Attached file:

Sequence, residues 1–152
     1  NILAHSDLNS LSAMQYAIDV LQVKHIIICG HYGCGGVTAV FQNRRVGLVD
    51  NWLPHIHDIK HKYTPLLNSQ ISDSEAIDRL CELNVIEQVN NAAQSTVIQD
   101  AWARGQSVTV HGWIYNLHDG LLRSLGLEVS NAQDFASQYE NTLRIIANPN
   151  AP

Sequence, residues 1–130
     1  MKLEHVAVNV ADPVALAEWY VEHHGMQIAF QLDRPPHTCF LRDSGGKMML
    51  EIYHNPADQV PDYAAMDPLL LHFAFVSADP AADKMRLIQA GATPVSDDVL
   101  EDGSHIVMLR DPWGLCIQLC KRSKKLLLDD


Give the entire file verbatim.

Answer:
Sequence, residues 1–152
     1  NILAHSDLNS LSAMQYAIDV LQVKHIIICG HYGCGGVTAV FQNRRVGLVD
    51  NWLPHIHDIK HKYTPLLNSQ ISDSEAIDRL CELNVIEQVN NAAQSTVIQD
   101  AWARGQSVTV HGWIYNLHDG LLRSLGLEVS NAQDFASQYE NTLRIIANPN
   151  AP

Sequence, residues 1–130
     1  MKLEHVAVNV ADPVALAEWY VEHHGMQIAF QLDRPPHTCF LRDSGGKMML
    51  EIYHNPADQV PDYAAMDPLL LHFAFVSADP AADKMRLIQA GATPVSDDVL
   101  EDGSHIVMLR DPWGLCIQLC KRSKKLLLDD